Monday, January 20, 2014

Book Review

"A Kingdom Strange: The Brief and Tragic History of the Lost Colony of Roanoke" by James Horn

"A Kingdom Strange: the Brief and Tragic History of the Lost Colony of Roanoke" is a well-researched account of Sir Walter Raleigh’s failed attempts to establish an English settlement in North America. Raleigh wished to found a thriving colony to accomplish four purposes: to attack more effectively Spanish treasure ships returning to Spain from Central and South America; to keep Spanish settlement out of North America; to obtain great wealth by harvesting the land’s natural resources, in particular gold and silver; and to discover an easy passage to the Pacific Ocean and the trade-rich orient.

Historian James Horn takes us methodically through the separate voyages to North Carolina’s Outer Banks and Pamlico and Albemarle Sounds beginning with the exploratory voyage of Arthur Barlowe and Philip Amadas in 1584 and ending with John White’s tragic attempt in 1590 to re-connect with the settlement he as governor had been forced to leave three years earlier to address in London the settlement’s need for relocation and its shortage of food and supplies.

Horn introduces us to the local Native American culture. He narrates effectively the arrogance and brutality of Captain Richard Grenville and Governor Ralph Lane and the eventual recognition by tribal leaders that these foreigners and their men are not gods nor allies but avaricious enemies. We see the measures taken by the Secotan Indians to rid themselves of these Englishmen, and we witness Governor Lane’s vicious retaliation. We feel artist-turned-idealistic governor John White’s frustration and anguish as he attempts to plant a new colony after Lane and his soldiers return to England. We recognize White’s need to return to London to arrange for additional settlers and supplies to be transported to Roanoke to enable the settlement to move to a safer geographic location. We learn why three years elapse before he is able to return. We see the little evidence he finds that leads him to believe where the people of his abandoned village have relocated. We feel his despair as he is prevented the opportunity to verify his supposition. We then judge the validity of the author’s theory of the fate of White’s “lost” colony.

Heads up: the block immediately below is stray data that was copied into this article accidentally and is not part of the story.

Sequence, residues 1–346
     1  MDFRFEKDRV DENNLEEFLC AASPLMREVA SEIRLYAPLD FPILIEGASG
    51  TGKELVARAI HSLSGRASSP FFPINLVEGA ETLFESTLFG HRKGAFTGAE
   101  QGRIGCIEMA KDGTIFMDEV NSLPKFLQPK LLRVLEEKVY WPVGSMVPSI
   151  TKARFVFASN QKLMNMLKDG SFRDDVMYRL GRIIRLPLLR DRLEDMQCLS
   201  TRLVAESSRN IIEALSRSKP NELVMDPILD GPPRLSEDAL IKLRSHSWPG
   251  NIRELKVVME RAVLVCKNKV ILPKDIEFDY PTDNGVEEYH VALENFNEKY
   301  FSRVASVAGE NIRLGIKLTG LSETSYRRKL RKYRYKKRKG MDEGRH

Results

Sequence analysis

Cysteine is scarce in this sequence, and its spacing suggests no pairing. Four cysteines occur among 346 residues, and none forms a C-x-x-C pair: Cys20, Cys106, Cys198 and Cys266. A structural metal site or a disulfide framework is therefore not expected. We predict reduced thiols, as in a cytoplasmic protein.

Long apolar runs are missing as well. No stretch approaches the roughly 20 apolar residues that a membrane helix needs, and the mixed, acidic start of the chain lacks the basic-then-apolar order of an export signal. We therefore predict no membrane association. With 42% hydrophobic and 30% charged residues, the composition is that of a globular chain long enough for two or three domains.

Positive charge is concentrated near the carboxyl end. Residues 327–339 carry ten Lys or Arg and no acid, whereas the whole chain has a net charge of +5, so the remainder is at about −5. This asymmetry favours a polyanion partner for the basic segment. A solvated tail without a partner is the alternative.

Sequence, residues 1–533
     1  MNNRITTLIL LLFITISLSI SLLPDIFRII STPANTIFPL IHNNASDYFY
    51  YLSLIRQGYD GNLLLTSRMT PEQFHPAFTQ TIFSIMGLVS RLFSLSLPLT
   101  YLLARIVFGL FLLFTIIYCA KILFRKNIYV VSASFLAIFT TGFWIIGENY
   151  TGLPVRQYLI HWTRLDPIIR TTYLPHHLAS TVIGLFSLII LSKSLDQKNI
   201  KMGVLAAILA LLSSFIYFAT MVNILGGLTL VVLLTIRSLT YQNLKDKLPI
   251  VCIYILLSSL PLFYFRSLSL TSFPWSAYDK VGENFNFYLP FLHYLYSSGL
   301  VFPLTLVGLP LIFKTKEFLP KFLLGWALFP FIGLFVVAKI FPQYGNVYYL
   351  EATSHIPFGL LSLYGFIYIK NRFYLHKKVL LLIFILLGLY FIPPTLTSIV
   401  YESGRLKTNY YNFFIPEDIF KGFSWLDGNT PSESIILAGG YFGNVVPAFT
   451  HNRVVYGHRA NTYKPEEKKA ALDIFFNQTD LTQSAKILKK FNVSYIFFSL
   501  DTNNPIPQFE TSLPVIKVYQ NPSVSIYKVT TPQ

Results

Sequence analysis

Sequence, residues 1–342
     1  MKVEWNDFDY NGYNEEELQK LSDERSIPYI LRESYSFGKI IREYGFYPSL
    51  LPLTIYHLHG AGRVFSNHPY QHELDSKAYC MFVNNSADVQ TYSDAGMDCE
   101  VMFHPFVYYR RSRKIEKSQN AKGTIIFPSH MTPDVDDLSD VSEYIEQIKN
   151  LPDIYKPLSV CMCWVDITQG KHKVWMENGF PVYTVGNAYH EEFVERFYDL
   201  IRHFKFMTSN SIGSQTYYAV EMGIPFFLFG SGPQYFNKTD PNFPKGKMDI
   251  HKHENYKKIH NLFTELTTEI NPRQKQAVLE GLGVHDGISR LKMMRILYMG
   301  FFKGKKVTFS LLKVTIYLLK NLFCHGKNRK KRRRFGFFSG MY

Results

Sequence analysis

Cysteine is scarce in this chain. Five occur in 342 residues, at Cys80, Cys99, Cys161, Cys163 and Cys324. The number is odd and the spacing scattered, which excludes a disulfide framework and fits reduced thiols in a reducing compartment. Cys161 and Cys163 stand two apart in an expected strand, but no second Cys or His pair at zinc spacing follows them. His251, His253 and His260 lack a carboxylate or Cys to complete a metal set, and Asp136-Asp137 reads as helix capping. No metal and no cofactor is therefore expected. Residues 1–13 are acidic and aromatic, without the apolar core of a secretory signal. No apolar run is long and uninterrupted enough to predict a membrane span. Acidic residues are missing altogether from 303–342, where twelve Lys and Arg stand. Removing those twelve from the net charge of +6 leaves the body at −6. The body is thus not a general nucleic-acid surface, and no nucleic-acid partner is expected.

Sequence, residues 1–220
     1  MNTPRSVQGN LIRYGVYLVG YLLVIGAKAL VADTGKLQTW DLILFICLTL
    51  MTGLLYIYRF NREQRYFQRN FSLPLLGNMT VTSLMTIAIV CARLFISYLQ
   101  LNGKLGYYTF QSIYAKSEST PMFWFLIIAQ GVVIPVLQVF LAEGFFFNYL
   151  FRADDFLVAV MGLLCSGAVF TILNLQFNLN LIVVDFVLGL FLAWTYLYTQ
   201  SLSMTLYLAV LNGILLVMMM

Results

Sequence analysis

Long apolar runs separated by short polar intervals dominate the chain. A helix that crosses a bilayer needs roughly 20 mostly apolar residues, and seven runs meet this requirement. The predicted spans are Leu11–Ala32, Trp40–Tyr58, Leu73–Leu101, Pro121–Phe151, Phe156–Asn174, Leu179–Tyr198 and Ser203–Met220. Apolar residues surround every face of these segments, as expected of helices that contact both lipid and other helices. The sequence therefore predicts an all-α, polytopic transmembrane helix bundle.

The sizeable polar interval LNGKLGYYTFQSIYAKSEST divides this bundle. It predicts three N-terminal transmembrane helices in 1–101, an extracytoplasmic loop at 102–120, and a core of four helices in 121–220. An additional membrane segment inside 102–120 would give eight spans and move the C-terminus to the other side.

Immediately after I retired from teaching, I researched this subject matter and wrote a brief YA manuscript that if copied future Orinda, CA eighth grade students could have read. Horn’s narration, published years afterward (2010), has provided me tidbits of information I didn’t known. (Example: Walter Raleigh’s promotional efforts, planning, and preparatory actions that preceded each voyage) Horn’s footnotes offered me additional information. His timeline of events that affected discovery and colonization in America from 1492 to 1701 is also useful.

If I choose to write a full-length novel about the clash of English explorers and settlers and Native Americans at Roanoke, James Horn’s book will serve as an important secondary source. Concise yet detailed, quite readable, it would benefit any reader seeking to learn about the origins of our country’s past.